Sometimes life gets in the way of meeting your goals, but if you’re one of more than 600,000 people worldwide who takes their GED® test this year, your goals won’t seem quite so far off. Acquiring your general education "diploma," the result of taking the GED® test, is a huge step toward higher education, career advancement, and a better salary—and we applaud your decision to pursue it!
The GED® program has a long history of success
GED® test was established in 1942 to assist World War II veterans in finishing their education when they returned from the battlefield. Since then, more than 17 million people are estimated to have taken and passed the GED® test, including celebrities such as comedian Bill Cosby, actor Christian Slater, and Senator Ben Nighthorse Campbell.
The GED® test is a measurement of your achievement
The GED® test is designed to measure the basic skills usually acquired during high school in reading, writing, science, social studies, and mathematics. The test estimates your academic knowledge and skills as compared to recent high school graduates. Successfully passing the GED® test is the equivalent of placing in the top 40 percent of your senior class, so acquiring it is quite an accomplishment!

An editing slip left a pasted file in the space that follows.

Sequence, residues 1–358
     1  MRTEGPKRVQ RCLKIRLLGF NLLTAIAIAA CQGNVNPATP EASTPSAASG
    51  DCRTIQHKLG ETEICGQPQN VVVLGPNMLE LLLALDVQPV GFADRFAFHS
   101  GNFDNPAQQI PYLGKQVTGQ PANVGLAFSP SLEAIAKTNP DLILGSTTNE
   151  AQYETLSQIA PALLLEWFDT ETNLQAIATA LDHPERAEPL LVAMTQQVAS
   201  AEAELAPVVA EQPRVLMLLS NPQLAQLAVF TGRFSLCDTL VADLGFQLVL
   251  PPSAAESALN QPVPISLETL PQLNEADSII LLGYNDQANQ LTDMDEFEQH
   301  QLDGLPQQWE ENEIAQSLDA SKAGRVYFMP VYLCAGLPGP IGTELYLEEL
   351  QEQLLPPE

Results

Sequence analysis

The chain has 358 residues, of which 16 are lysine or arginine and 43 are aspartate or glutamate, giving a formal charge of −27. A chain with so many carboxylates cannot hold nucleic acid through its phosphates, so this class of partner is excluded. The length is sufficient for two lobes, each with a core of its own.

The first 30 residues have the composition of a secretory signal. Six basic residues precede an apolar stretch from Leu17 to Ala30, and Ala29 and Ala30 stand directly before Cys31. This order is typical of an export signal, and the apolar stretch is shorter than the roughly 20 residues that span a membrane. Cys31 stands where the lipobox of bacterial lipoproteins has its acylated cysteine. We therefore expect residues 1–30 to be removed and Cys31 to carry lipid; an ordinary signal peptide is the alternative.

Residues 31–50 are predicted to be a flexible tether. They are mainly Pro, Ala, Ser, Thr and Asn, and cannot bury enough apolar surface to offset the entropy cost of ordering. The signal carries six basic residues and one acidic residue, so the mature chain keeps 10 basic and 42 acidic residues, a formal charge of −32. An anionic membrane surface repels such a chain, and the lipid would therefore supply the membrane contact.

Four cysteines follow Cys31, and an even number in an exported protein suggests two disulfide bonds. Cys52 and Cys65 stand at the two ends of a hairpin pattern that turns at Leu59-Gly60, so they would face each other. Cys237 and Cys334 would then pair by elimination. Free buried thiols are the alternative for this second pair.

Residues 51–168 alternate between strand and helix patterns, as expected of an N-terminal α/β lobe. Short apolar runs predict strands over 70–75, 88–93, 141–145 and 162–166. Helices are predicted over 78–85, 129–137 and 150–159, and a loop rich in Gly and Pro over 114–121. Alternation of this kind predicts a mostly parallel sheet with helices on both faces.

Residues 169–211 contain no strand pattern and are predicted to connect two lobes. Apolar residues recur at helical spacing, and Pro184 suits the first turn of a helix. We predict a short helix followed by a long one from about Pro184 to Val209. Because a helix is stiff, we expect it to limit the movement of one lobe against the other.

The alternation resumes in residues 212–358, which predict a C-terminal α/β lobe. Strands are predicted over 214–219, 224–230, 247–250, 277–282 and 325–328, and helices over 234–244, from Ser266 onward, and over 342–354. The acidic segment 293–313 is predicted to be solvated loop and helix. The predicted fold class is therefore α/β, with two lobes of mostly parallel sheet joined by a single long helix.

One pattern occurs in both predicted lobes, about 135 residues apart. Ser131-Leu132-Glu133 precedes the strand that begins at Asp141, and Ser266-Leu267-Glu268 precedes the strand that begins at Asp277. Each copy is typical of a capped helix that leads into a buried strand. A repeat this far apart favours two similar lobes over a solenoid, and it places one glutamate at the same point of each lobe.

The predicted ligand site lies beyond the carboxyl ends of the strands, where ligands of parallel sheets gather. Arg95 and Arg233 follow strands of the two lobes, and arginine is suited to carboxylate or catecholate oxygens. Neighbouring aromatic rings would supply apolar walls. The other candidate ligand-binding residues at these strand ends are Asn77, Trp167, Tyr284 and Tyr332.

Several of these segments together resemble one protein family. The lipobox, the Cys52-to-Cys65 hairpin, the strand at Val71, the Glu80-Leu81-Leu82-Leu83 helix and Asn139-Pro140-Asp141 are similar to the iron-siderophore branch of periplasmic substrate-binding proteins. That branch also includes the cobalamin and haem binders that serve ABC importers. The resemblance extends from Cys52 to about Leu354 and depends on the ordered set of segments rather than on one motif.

In fact, taking the GED® test provides such a good indicator of your academic skill level, that it is accepted for admission by more than 95 percent of U.S. colleges and universities. If you plan to pursue higher education beyond your GED®, you will have plenty of options to choose from when it comes to deciding where you want to go.
Good GED® test prep will probably help increase your scores
If it has been a while since you cracked open a textbook, there are many options available to you for boning up on what you need to know to pass your GED® test. Books, online courses, and night school are some of the most common forms of GED® test prep that people use to hone their skills before the day of their test. GED® test preparation is offered locally at community colleges, learning centers, and other educational sites, including those on the Internet. (Be aware that the GED® test is never administered online.) Use the main contacts and Web links provided at the GED® test web site to access more specific information about preparation programs in your state.
While the American Council on Education, which oversees the GED® test, is a national organization that sets general standards, the actual GED® test process is administered by "jurisdictions." For example, North American jurisdictions include the Midwestern, Northeastern, Southern, and Western Regions of the U.S. and 12 in Canada. Each jurisdiction associated with the GED® test awards its own credential and sets its own policies. Because of this, you should begin your preparation by visiting the GED® test web site for information about test requirements and policies, test preparation, and testing centers.
Whatever you do, don’t wait to prepare—your future awaits!